Let's say that the MicroSD appears at the folder "/mnt/whatever_folder", then type the following command to know the device name:
df -h | grep whatever_folderYou should see a line somewhat like this:
/dev/sdg1 7,3G 612M 6,4G 9% /mnt/whatever_folderNow that we know the MicroSD is in "/dev/sdg" (remove the number!!) unmount the MicroSD:
sudo umount /mnt/whatever_folderAnd the most important step to avoid later problems: partition & format in this one step:
mkfs.ext4 -F -L linuxroot /dev/sdgWhich labels it "linuxroot" and at "/dev/mmcblk0", where the kernel expects it (CMDLINE), instead of where a partition tool would place it (at "/dev/mmcblk0p1").
SIDE-NOTE ONLY FOR USING INTERNAL FLASH INSTEAD OF A MICROSD:
If you want your RFS to be in your device's Flash chip, and 1) have flashed the right parms, 2) have a kernel with the right CMDLINE for those parms, 3) the kernel has an initramfs.cpio with rknand...ko, then the you have to format it with this command: "mkfs.ext4 /dev/mtdblock0" (mtdblock number is that of your [big] partition).
It may take a couple minutes and when finished you should mount it and start following these steps:
1) Become root (necessary to keep file permissions in the RFS!)
sudo su -2) Go to the folder where the SD card (or flash) is mounted:
cd /mnt/whatever_folder3) Extract the downloaded ARM RFS in it:
tar xvfz /home/username/Downloads/linaro-raring-server-20131124-562.tar.gz4) Since the Linaro .tar.gz contains the RFS inside a folder named "binary", we have to move its contents to the real root of the SD card and then remove the, now empty, "binary" folder:
mv binary/* .5) If you are doing this process on a PC, you have to uncompress the modules+firmware file (that came with the kernel you flashed into your stick) into the "/mnt/whatever_folder/lib/" folder.
Or, if you are on an ARM stick, you can just copy your own modules (drivers) and firmware to the new RFS so you have everything from the beginning:
mkdir ./lib/modulesAnd it won't hurt to copy the library for playing Adobe Flash videos (think YouTube) in ARM (and all the Flash ads and websites, of course):
cp -R /lib/modules/* ./lib/modules
cp -R /lib/firmware/* ./lib/firmware
cp /usr/lib/libpepflashplayer.so ./usr/lib/If you didn't have it, follow this quick post.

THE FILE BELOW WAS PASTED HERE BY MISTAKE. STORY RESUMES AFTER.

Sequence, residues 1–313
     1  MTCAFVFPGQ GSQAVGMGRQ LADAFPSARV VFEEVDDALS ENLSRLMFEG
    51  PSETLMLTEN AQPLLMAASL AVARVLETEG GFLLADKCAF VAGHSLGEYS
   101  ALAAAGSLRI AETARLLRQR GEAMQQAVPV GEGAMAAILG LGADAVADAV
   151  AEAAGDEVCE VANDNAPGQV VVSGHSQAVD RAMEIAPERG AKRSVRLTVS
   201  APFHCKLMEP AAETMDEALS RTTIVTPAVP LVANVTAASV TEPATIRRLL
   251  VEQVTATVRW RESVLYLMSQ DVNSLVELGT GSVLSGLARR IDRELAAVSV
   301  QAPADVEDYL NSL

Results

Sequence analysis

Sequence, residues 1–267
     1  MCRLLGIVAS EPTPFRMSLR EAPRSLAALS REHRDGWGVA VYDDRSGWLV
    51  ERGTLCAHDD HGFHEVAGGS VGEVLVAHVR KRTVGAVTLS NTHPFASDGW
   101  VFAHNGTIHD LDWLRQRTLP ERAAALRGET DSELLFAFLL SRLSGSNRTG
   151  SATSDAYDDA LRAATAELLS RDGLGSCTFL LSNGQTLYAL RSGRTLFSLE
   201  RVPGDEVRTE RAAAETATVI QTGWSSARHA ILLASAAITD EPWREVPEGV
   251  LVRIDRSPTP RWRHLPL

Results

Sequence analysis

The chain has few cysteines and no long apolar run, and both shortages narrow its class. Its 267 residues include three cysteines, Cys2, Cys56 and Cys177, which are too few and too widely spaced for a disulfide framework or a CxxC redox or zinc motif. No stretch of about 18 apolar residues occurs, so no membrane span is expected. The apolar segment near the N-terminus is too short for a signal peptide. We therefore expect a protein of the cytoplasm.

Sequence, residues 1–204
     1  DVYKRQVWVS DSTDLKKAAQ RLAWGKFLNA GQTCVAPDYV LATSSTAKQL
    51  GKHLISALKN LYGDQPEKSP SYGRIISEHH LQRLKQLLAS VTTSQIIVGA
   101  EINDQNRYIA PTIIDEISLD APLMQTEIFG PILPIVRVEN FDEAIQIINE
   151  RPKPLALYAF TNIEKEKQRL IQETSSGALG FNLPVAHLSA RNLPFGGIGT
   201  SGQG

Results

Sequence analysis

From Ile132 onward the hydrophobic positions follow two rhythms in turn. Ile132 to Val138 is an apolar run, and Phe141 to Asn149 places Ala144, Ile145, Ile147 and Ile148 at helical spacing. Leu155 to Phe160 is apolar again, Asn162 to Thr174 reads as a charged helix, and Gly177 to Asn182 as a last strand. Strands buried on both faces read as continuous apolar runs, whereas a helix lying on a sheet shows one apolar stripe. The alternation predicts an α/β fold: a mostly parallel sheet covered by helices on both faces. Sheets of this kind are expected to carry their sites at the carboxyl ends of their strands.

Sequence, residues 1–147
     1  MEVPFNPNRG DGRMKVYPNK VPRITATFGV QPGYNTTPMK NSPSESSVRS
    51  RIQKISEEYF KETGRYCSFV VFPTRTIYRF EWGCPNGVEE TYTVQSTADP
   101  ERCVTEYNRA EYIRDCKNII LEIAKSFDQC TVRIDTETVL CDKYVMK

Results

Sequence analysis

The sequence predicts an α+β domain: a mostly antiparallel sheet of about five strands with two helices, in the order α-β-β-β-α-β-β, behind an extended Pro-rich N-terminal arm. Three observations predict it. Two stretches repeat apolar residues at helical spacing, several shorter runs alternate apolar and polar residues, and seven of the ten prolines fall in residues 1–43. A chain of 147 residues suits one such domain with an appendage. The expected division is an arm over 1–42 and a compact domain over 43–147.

6) You may also want to "touch" certain files to make sure networking works out of the box. For example, if you have an Ethernet connection in your ARM device, then modify the /mnt/whatever_folder/etc/network/interfaces file to add these lines:
auto eth07) It's always a good idea to end operations with this command (to finish all write operations):
iface eth0 inet dhcp
You can unmount that MicroSD, because it's ready to boot. If you installed the desktop version the easy way, that's it.
However, if you installed a trimmed commandline version the manual way, you should continue reading the following section.
Getting a desktop environment
Once you boot your device with the created MicroSD card, your first task is to check the network connection. For example type:
apt-get updateIf the software repositories start updating, you're good to go. If there is no connectivity: Internet is full of Q&A about networking in Linux :)
Now, with Internet on, in order to install a desktop environment, in my case XFCE (the one used in Xubuntu), I would just type this:
apt-get install xubuntu-desktopAnd when asked, say Yes to downloading >400 MB of packages that will use up >1 GB of space when installed, but will land me on the very latest desktop environment for an ARM PC, whatever your CPU (Rockchip, Allwinner, Samsung, ...).
Sorry if it took too long to explain something that is actually simple, but everybody is welcome!
The more users discover that a tiny and cheap stick/TV-box is actually a full-fledged low to mid-end PC (without the noise, size, and the Watts!), the better for all!